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Home > Diversions
Moving beyond 
the fine print

The New York Times (Shivani Vora) / 3 August 2012

The hype over Fifty Shades of Grey aside, the novel to read this summer, whether it’s on the beach or during the commute to work, is The Newlyweds, by Nell Freudenberger. The American author, who is based in Brooklyn, tells the captivating story of Amina Mazid, a 24-year-old from Dhaka, Bangladesh, who meets an American man named George Stillman online and moves to Rochester, New York, to 
marry him.

Freudenberger, 37, is no stranger to the Indian subcontinent: she’s travelled extensively throughout the region and is also the author of Lucky Girls, which is a collection of five stories set in Southeast Asia and India. Only her first novel, The Dissident, which is about a Chinese artist who goes to live with a wealthy family in Los Angeles during a one-year residency, breaks from her now-trademark exploration of South Asia.

The young author, a Harvard graduate, has received recognition for her talent, including the PEN/Malamud Award, a Guggenheim Fellowship and inclusion in The New Yorker’s “20 Under 40” fiction issue.

She spoke to India Ink recently about her latest book, her journey to Bangladesh to research it and her love for India.

Q. How did your interest in the Indian subcontinent begin?

A. When I graduated college, I went to Thailand to teach for a year, and after my gig was over, I went to visit a friend in India who was working there. We spent more than a month backpacking around the country. I landed in Calcutta, and we worked our way through Agra and Delhi and Naggar and parts of the Himalayas. Then we went back to Delhi and took an overnight train to Hyderabad and eventually ended up in Bombay. It’s the kind of country that when you go once, you want to keep going back because there is so much to see. I went back the following year to Delhi and spent two months teaching in the city.

Q. How many times have you been back in total?

A. I have been to India six times and Bangladesh once. The first three times in India was for a few months each, and after that I was always there on assignment for work and spent just a few weeks.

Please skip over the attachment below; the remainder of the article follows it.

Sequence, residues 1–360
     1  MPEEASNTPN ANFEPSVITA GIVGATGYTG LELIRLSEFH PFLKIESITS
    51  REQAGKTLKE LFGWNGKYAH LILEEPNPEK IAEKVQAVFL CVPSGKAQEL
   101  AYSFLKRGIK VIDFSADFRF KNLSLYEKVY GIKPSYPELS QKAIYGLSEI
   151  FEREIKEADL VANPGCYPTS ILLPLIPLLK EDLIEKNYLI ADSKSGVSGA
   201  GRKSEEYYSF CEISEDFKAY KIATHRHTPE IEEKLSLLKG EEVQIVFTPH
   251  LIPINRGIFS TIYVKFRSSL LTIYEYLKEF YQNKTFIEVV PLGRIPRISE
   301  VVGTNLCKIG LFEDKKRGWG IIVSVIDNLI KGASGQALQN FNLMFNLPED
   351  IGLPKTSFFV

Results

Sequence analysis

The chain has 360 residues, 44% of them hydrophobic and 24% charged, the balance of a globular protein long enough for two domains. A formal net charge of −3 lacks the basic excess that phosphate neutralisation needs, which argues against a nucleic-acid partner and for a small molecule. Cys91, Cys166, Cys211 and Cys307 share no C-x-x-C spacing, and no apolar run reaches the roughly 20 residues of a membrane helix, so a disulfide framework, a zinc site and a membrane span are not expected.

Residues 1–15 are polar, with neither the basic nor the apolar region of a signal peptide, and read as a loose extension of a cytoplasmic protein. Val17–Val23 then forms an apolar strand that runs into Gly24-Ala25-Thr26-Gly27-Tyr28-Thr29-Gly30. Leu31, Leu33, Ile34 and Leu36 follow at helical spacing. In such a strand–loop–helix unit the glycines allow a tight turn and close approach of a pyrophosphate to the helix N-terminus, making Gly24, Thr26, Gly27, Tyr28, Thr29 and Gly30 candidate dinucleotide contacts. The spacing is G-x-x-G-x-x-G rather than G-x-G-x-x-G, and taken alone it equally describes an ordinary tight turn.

Q. Where did you get the idea for The Newlyweds?

A. It really came about by accident. I was going to Rochester to help my dad after my grandmother passed away, and on the plane there, I sat next to this woman from Bangladesh. We started talking, and she told me the story of how she had met her husband over the Internet and had recently arrived from 
Dhaka. I started e-mailing her and was fascinated by her story. It was so unconventional and brave for her to meet this man over the Internet, and I couldn’t imagine that all you knew was Dhaka and ended up in Rochester of all places, which in some ways was so provincial 
compared to Dhaka.

Q. The characters in the book, George and Amina, develop their relationship largely online. Do you think it’s possible to find love over the Internet?

A. Sure. It seems like everyone meets their spouse on the Internet these days. In a way, it’s a more scientific way to find love than in a bar.

Q. How much time did you spend in Bangladesh researching the novel?

A. I was there for two weeks and went with the woman I based the story on and her husband. Their plane got delayed because of a snowstorm so I actually arrived in Dhaka by myself, and her parents were there to meet me at the airport. They took me back to her apartment, and I went to sleep in her bed. Then we went to her grandmother’s village as well.

There are so many unusual things about her — she’s an only child, and her parents allowed her to marry in this way. And she comes from a tradition of your family arranging your marriage, but she arranges her own and that too, over the Internet.

Q. What were your impressions of Bangladesh?

A. Dhaka is overwhelming. It has that busy, rushed feeling of a big Asian city. Her grandmother’s village was absolutely beautiful. Everyone we met was friendly. You had a sense of this bucolic old way of life that’s being environmentally threatened because cyclones are becoming such a big risk there.

Q. Critics might say that it’s very difficult to write about the nuances in Indian or Bangladeshi culture without actually being Indian or Bangladeshi. What do you say to that?

A. I have anxieties about that myself, and whether I have done justice to Indian or Bangladeshi culture is not for me to judge. But I do think that if I wrote about myself — a 37-year-old mom from Park Slope with two kids — it would be incredibly dull.

Q. Do you have a favourite Indian restaurant in New York City?

A. I don’t really love Indian food. When I’m in India, I eat it obviously, but it’s not my great passion. I like South Indian food though.

Q. Do you have a plan for your next book yet, and does it take the reader back to Asia?

A. I hope I write a great book set in my neighbourhood so people can stop asking me why I have this fascination with India, but I am doubtful that will happen. Right now, I have no plans or ideas for a book. I have a four-month-old baby and can barely keep my head above water, but I hope to be brainstorming 
by September.

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